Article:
Netflix’s “To All the Boys: Always and Forever,” the final installment of the “To All the Boys” trilogy, is the romantic comedy that will make you root for the couple to break up. The series that started with an innocent misunderstanding about a young girl’s secret love letters ended with two people who are so wrong for each other making a seemingly permanent commitment to each other.
Seriously. Peter Kavinsky (Noah Centineo) is a jock bound for Stanford who likes to kiss bowling balls (not a great example to set during a pandemic) and flinches when taking off his sheet face mask, as though it were a jellyfish that stung him. Lara Jean Covey (Lana Condor) is a homebody who gets into wacky instances of miscommunication for the plot’s sake and bakes when it’s been too long since the film featured an aesthetic shot from above. Overall, they are one of the most average couples to ever grace the silver screen. Though there were moments in the first and second movies of the series where I thought they might get a little interesting, this newest installment confirmed that my hopes were in vain. The whole premise of the movie is that their high school relationship might end when they go off to college... Oh no. What a shame that would be. It’s a plot that could be transplanted onto any other teen romance couple and it wouldn’t change the movie much at all.
In this movie, we don’t even have the added bonus of Jordan Fisher as John Ambrose McLaren, the dreamy, superior love interest from “To All the Boys: P.S. I Still Love You.” It’s too bad he just showed up to add a conflict in Lara Jean and Peter’s relationship that ended up not really mattering in the end. For the entirely unnecessary two whole hours of the film, all I could think was “Lara Jean gave up John Ambrose McLaren for this? Really?” and “They got to have a 2021 without a pandemic and this is what they chose to do with it?”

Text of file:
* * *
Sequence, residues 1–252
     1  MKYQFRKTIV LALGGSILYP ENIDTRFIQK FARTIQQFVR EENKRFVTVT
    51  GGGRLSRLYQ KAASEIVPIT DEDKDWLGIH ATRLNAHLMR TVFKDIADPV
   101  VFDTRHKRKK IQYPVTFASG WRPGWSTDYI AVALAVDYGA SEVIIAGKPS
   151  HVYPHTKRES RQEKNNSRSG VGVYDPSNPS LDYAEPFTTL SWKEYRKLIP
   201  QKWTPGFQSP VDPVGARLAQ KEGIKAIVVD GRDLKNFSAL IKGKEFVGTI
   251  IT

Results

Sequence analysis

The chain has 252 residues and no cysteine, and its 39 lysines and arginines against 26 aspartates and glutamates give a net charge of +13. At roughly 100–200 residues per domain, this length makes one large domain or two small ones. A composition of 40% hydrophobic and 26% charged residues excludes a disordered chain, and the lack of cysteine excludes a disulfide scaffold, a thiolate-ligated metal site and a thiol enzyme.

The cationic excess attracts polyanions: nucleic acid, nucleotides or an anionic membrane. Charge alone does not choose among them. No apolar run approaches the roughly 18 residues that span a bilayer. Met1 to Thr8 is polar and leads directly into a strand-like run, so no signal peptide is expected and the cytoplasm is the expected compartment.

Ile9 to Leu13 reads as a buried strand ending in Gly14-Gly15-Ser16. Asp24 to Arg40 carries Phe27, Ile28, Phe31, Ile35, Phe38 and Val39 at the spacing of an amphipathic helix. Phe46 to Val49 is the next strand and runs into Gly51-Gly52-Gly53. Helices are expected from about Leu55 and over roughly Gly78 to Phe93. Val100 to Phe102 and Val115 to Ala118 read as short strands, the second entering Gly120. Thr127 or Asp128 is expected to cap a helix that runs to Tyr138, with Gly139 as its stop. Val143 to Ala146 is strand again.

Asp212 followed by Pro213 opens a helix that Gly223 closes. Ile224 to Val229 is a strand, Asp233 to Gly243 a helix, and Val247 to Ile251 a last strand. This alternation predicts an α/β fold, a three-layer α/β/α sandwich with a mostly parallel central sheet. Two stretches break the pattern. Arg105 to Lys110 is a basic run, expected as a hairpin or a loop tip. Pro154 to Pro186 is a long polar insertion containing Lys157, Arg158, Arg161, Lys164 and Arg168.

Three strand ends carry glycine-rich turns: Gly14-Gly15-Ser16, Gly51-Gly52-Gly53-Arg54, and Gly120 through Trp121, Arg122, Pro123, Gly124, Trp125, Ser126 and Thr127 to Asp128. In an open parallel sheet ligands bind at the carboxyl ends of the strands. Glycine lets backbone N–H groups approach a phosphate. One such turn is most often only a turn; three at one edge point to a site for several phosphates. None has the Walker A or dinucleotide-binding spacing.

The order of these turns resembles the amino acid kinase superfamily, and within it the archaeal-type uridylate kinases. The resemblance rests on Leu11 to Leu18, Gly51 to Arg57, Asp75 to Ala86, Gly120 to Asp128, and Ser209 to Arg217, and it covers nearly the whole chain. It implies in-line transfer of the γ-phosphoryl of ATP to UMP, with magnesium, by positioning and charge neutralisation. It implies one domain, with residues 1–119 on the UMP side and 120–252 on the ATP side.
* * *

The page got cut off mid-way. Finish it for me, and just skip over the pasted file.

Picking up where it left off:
The whole movie tries unbearably hard to be relatable — with its quirky face masks, silly prom pictures, endearingly annoying little siblings and break up Ben & Jerry’s — and then proceeds to feature the least relatable high schoolers around. Firstly, the colleges the two of them are torn between are Stanford, UC Berkeley and NYU, despite the fact that they spend all three movies moping around about their relationship instead of, I don’t know, going to class. They are, in fact, so far above the average high schooler that they end the movie with the literal line: “We’re not like other couples. We’re Lara Jean and Peter.” So, sorry to anyone who broke up with their high school sweetheart when they went to different colleges, but Lara Jean and Peter are just built different. Their relationship is super special because they go bowling together, and he puts his hand in her back pocket when they walk through the cafeteria, I guess.
I would say I can’t believe this couple still ended up together after all the clear signs that they’re incompatible with incredibly different values and goals, but of course, I can believe that a movie with such disappointing characters would have a disappointing ending as well. They could have made Lara Jean’s story a compelling coming-of-age journey where she learns to let go of her unrealistic romantic fantasies like she had to do in the first “To All the Boys” movie when it came to giving up on her dreams of being with her first real crush, Josh (Israel Broussard). But instead, “To All the Boys: Always and Forever” molds Lara Jean into a young girl whose state of happiness is entirely dependent on her relationship with a high school lacrosse player. Yes, she does decide to go to NYU when she could have gone to UC Berkeley to be closer with him, but he is still very clearly the focal point of her life — made obvious by how the first thing she does after arriving at NYU is pin a picture of them together to her wall.